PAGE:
Sorry folks for things being so quiet around here recently. Behind the scenes the JavaFX team has been super, super busy cranking out JavaFX 2.0, and well, that takes a lot of time to ensure the quality and functionality is top notch. I hope to get this blog back to life over the coming months as more and more JavaFX 2.0 news begins to surface. We’ve definitely got a lot to talk about….but not quite yet 🙂
So, let’s get into the links!
- Richard Bair, Java Client Architect and blogger on this blog, was interviewed by Java Spotlight. He provides a lot of insight into JavaFX 2.0, both where it is now and where we are taking it in the coming months before the final release.
- Dean Iverson has blogged about using the JavaFX 2.0 early access release with Groovy/Griffon. He has even uploaded a YouTube video showing a brief glimpse of what he created. It isn’t much, but it’s exciting to hear of people using JavaFX productively in various JVM-based languages.
- Adam Bien blogged about JavaFX 2.0, in particular a smoke test around the installation, docs and launch experience. His thoughts are all very positive, which is great considering the early stage that JavaFX 2.0 is in.
- Finally, Eric Bruno has also announced that he has JavaFX 2.0 EA, and is very impressed by it. There isn’t much more content to this post, but he promises to continue blogging about his thoughts and findings as the weeks go on.
- Kyle Thayer let me know about IFCSoft. It is a data visualization program that uses Self-Organizing Maps to view multi-dimensional data. You can run the program at http://www.ifcsoft.org and get the code at https://code.google.com/p/ifcsoft/.
- Andre Hogenkamp has blogged about creating a JavaFX zoomable linechart.
That’s us for another week – and once again apologies since the last post – I’ll try not to do that again any time soon! Keep up all the hard work folks, and I’ll catch you all soon. 🙂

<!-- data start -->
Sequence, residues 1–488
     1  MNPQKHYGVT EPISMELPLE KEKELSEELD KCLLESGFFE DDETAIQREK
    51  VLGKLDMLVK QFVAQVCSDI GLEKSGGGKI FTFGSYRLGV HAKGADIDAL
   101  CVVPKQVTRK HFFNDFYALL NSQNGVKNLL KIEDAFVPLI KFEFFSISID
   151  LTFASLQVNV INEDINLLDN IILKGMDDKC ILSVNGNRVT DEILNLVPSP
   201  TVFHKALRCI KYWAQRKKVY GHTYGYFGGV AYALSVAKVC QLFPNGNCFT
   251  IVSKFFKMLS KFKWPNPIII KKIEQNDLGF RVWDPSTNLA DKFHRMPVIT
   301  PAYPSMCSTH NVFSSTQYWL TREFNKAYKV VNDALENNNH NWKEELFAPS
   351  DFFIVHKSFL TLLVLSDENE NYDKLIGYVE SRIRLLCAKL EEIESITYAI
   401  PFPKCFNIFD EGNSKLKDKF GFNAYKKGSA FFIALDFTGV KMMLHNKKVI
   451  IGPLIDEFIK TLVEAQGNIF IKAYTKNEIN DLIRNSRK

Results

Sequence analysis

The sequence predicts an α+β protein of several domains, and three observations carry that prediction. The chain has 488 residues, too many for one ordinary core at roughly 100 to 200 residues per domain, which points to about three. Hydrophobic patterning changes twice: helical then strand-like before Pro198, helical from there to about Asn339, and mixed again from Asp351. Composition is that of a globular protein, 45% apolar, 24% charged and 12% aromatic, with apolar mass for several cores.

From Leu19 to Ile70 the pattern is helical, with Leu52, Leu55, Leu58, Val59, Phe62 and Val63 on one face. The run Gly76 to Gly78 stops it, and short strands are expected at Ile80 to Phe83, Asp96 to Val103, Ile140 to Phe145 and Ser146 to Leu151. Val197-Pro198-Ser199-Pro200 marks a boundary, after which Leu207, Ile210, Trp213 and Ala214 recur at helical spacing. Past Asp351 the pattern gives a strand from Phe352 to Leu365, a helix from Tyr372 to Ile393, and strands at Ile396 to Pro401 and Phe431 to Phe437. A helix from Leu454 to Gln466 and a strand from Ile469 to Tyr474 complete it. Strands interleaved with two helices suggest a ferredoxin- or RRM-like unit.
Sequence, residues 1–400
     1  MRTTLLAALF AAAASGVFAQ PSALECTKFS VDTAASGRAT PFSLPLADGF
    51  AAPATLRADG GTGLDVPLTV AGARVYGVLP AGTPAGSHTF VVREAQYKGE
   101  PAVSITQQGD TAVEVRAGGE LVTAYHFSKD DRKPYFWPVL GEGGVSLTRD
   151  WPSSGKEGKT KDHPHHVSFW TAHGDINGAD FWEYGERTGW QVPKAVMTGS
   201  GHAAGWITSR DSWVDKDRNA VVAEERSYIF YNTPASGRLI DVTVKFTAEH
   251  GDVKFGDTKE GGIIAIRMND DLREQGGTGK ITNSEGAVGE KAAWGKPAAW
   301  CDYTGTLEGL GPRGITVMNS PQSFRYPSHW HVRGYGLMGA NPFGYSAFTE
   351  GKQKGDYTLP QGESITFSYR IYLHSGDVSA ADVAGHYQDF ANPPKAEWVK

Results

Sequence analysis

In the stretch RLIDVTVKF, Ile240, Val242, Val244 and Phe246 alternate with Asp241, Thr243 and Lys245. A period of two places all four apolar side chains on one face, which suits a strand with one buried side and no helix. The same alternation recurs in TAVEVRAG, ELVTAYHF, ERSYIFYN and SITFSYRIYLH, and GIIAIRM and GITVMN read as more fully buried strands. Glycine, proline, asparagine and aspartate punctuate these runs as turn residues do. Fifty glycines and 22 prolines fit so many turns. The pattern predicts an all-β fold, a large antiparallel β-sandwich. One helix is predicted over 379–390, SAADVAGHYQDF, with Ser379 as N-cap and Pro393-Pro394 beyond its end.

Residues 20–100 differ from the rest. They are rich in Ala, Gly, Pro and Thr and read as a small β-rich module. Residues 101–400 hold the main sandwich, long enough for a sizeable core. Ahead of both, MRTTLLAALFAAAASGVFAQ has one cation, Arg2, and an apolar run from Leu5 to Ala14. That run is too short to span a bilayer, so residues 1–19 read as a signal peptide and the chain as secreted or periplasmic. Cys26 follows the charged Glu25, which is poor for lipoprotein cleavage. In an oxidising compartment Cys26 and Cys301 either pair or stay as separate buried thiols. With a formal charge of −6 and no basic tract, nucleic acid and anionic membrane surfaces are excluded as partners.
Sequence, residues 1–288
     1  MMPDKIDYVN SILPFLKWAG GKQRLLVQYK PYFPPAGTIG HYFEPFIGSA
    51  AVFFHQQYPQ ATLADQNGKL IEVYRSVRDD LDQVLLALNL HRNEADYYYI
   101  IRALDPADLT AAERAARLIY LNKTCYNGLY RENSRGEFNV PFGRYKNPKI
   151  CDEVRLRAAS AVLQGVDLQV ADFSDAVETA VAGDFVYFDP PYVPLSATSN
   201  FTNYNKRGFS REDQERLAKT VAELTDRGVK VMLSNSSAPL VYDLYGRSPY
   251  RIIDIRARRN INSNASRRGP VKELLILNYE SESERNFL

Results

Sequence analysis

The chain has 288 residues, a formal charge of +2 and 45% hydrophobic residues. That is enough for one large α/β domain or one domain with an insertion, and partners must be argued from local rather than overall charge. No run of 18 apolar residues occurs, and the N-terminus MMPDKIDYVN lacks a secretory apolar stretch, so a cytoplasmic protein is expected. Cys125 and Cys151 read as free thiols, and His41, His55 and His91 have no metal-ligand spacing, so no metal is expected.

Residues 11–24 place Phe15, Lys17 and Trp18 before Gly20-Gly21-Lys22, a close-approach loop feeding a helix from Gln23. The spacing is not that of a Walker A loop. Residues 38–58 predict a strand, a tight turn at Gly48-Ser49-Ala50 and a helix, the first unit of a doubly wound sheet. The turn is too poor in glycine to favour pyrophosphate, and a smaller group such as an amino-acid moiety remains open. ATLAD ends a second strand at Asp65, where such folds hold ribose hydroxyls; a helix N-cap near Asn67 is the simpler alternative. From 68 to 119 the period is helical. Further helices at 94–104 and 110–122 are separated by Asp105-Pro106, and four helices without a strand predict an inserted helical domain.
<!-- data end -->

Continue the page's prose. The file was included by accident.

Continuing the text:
Thanks for the update. Can you update us regarding the license issues discussed here?
Unfortunately I’m just a developer in the JavaFX team, so I can’t really speak to licensing issues. I’m sure the people involved heard the feedback during the JavaFX 1.x times and are doing their best to ensure everyone is as happy as possible with JavaFX 2.0.
Thanks Jonathan. Let us know if you pick up anything.
i have just seen Adam Bien’s post via netbeans
The speaker said now they are targetting desktop on windows so is it correct to asume the javafx runtime will come bundled with the jdk or jre so it can be used on a desktop machine without any internet access just as current swing applications are deployed today?
I listened to the Oracle javafx 2.0 podcast (http://blogs.sun.com/javaspotlight/entry/java_spotlight_episode_16_richar). I am glad to hear that you are lobbying for first class properties in the Java language. I really hope that something makes it in for java 8. It’s ironic because most blogs say that the new javafx 2.0 is “back to java” and the immediate benefit is that you don’t have to learn a new VM language. However, in the same breath, people are saying that in order to use properties or object intializers you’ll have to use another VM language. You see the irony here. With properties I believe we can make Java the language a truly productive language for fx 2.0 .. not just second class citizen.
I am also curious if the 2.0 release will have some sort of external layout like flex and silverlight (mxml / xaml)?
I write all my JavaFX in Java, but as I pointed out above, different people have different preferred languages, and it is great that with JavaFX 2.0 we can now support all JVM languages so easily. I even presented at JavaOne on this very topic. Not having properties ain’t great, but it doesn’t suck either. If you went through writing UIs in Swing, then using JavaFX in Java feels very much the same.